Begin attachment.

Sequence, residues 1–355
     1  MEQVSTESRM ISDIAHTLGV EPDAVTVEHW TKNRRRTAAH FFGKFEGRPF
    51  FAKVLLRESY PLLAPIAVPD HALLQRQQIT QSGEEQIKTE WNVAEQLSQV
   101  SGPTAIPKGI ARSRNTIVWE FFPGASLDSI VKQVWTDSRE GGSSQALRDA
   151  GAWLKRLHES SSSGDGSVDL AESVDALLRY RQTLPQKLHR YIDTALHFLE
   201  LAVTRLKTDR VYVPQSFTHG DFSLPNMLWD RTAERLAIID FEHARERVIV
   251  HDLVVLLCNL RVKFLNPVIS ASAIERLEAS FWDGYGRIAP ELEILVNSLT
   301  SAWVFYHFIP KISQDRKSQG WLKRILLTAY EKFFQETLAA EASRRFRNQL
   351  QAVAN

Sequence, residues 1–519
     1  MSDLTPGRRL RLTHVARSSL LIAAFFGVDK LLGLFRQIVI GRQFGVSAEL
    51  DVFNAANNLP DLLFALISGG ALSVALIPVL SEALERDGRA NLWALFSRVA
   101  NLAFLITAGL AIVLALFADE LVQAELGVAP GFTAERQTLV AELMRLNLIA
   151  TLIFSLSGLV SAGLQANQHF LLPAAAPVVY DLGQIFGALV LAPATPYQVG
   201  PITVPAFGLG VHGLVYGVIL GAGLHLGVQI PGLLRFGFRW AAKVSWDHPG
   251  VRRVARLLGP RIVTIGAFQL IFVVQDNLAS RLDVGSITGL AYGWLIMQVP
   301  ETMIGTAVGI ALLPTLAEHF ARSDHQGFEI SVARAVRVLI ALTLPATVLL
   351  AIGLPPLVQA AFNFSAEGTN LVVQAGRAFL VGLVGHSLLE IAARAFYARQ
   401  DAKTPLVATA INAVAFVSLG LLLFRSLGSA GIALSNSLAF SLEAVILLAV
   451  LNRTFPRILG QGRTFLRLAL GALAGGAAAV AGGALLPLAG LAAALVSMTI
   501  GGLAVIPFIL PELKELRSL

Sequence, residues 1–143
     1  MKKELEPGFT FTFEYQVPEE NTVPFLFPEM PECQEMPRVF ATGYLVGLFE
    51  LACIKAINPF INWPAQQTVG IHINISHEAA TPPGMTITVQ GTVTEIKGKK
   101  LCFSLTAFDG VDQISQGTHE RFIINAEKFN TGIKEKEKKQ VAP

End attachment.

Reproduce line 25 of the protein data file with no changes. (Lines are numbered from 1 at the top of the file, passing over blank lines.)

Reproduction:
   101  LCFSLTAFDG VDQISQGTHE RFIINAEKFN TGIKEKEKKQ VAP